The term 'low FODMAP diet' may leave you scratching your head - but not for much longer, if Emma Hatcher, a long-term sufferer of IBS and a sensitive gut, has anything to do with it.
What are FODMAPs?
FODMAPs - fermentable, oligosaccharides, disaccharides, monosaccharides and polyols - are types of short-chain carbohydrates that can be tricky to digest, and they can wreak havoc for some people with irritable bowel syndrome (IBS), a common condition associated with digestive symptoms such as bloating, diarrhoea, constipation and cramps.
They can be found in a wide range of foods, including certain fruits, veggies, grains and nuts - onions, garlic and apples are prime examples (though not everybody with IBS is affected by the same foods in the same ways).
Can a low FODMAP diet help IBS?
But cutting out, or cutting down on key culprits can help - and if anyone can vouch for the effective of a low FODMAP diet it's Emma.
"It was a light bulb moment of, 'Oh my God, this could actually really help'," the 23-year-old recalls of her dietician's suggestion to try the plan, following years of cutting out various foods to no effect.
"You don't realise quite how much it affects your life until after your symptoms have gone, and you think, 'Wow, I'm not thinking about when I'm next going to need the bathroom, or what I'm going to eat on my work lunch break today'.
"It's been a massive life-changer for me, and by the sounds of it, for a lot of other people out there as well."
Research has even shown that 76% of IBS sufferers who follow a low FODMAP diet see a significant improvement in their symptoms.
How can I follow a low FODMAP diet?
Essentially, high FODMAP foods are eliminated from your diet for six to eight weeks and replaced with suitable alternatives.
They are then reintroduced in small quantities in an effort to find a tolerance level while still keeping symptoms at bay.
Not everyone’s symptoms will be triggered by every FODMAPs. Some may find their symptoms are brought on by one or two of the food groups, while others could be sensitive to all five.
So for some this may mean cutting out dairy and fruit, while others may have to avoid vegetables and legumes.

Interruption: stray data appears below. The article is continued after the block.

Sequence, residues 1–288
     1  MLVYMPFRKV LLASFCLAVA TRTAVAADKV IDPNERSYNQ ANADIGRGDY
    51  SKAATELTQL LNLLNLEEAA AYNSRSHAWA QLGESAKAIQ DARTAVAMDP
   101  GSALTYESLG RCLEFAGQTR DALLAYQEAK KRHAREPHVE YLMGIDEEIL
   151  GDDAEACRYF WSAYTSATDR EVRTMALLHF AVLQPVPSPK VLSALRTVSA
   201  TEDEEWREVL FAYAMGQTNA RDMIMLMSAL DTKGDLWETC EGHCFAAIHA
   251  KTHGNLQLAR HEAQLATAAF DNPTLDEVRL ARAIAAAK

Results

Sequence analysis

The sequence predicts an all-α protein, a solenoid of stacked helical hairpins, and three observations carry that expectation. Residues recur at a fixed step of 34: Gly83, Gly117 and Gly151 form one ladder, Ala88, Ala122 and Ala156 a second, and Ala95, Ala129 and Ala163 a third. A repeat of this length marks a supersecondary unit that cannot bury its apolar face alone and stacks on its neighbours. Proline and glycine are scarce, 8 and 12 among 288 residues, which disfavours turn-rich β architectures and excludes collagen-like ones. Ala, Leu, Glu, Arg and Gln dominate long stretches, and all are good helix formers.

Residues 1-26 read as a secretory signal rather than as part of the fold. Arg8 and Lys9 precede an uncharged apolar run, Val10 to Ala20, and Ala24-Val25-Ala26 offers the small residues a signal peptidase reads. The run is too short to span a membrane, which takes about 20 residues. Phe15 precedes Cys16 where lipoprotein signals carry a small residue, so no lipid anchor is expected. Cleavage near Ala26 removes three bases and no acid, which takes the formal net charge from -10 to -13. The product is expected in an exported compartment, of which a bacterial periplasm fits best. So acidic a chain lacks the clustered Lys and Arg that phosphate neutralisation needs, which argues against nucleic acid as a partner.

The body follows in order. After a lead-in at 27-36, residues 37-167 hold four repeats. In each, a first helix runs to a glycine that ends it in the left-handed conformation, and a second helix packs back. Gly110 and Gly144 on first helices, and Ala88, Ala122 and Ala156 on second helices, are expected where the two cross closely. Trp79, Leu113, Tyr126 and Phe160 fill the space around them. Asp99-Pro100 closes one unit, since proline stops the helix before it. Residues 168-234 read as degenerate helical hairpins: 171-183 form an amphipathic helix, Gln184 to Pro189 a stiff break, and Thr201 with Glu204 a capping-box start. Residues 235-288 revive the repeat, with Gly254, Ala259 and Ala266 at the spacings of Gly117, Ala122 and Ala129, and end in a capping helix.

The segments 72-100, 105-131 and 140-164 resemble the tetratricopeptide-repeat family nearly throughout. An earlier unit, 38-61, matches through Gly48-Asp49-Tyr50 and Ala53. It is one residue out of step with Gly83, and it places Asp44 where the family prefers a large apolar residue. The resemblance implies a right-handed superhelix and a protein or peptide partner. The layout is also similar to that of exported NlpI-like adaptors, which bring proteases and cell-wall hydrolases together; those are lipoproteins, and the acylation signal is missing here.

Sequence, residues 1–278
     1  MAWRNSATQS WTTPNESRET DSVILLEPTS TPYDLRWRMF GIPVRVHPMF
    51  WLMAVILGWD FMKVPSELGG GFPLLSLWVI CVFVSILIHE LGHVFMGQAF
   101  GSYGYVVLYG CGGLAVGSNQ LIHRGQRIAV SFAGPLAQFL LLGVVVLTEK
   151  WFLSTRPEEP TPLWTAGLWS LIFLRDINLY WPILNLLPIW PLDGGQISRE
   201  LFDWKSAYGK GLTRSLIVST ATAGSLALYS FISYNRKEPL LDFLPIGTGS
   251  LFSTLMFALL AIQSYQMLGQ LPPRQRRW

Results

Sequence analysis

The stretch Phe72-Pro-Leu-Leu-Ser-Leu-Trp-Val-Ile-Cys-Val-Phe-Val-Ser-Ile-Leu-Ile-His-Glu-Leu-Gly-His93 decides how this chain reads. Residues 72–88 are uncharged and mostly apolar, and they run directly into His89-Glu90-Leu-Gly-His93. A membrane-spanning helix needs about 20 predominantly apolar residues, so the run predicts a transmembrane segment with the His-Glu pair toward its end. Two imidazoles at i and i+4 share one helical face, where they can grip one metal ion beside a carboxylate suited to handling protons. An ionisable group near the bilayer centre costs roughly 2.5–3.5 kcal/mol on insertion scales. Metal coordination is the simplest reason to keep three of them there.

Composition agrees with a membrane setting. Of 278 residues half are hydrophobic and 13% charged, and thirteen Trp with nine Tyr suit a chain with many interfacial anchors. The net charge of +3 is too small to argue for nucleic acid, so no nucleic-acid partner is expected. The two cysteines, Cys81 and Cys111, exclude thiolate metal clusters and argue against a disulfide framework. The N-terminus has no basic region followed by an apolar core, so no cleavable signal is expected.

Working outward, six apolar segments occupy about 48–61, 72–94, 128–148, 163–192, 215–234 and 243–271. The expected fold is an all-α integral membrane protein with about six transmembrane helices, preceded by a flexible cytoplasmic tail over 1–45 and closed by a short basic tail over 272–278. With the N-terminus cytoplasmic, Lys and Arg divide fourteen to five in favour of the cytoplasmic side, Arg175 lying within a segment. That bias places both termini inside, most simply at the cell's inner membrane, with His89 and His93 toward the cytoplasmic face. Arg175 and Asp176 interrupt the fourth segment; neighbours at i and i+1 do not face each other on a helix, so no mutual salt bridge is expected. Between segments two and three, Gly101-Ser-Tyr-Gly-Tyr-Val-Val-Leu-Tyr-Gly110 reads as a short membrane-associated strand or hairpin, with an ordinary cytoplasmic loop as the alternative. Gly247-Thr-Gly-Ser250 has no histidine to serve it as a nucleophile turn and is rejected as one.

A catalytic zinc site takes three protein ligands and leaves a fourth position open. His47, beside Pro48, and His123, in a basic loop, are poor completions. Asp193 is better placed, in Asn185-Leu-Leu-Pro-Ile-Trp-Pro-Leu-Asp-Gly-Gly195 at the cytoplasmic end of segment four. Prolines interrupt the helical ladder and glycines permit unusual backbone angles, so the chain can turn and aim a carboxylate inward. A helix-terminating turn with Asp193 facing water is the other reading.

The main groups to avoid are vegetables and legumes (particularly garlic and onion), fruit, processed meats, dairy, cereals, grains, pasta, breads, nuts, cakes, beer and fruit juices.
What can you eat?
Discovering that the information available was minimal - Emma recalls initially being handed "a very uninspiring, four-page leaflet with a big long list of foods to cut out" - the forward-thinking millennial embarked on a one-woman mission to show that the diet needn't be restrictive.
She's since been a pillar of support for countless others in a similar position, via her brilliantly titled lifestyle blog, She Can't Eat What?! Now, Emma's sharing her insights in her debut cookbook, The FODMAP Friendly Kitchen.
Initially "slightly scared" at the lack of resources, Emma explains the tome - a colourful smorgasbord of recipes, helpful meal plans and tips - was created with the intent of "distilling" the diet into digestible chunks.
"I wanted to make it easy for other people, to provide them with another resource that's not really science-y but simplifies and relays it from a personal experience.
"Food is a massive part of IBS and dealing with symptoms, but at the same time, there's the anxiety and stress side of things," she elaborates. "There's the question of, 'What am I going to do when I go out to a restaurant with my friends and order food?'
"I was really conscious I wanted to answer some of those questions."
As well as avoiding processed foods and sugars, Hatcher devised a menu of simple, healthy and delicious dishes, that all require no unobtainable ingredients.
"I'm not a chef, so if I can make them, anybody can," she insists. "These 100 recipes were designed to be that foundation; they're all completely low FODMAP, people can tailor them depending on their personal tolerances, and they're all really easy."
"If you do make a slip up, you might have rubbish symptoms for a day, but tomorrow is a new day," she says. "I was terrified to eat certain things, but you can't be so hard on yourself. Life is hard enough as it is, and at the end of the day, food is delicious and really fun, and should be there to be enjoyed."
"It's not a sugar-free diet, it's not a fat-free diet," she concludes. "You can still eat the foods that you could eat before, you just have to make those simple swaps, which might actually be better for your gut in more ways than one."
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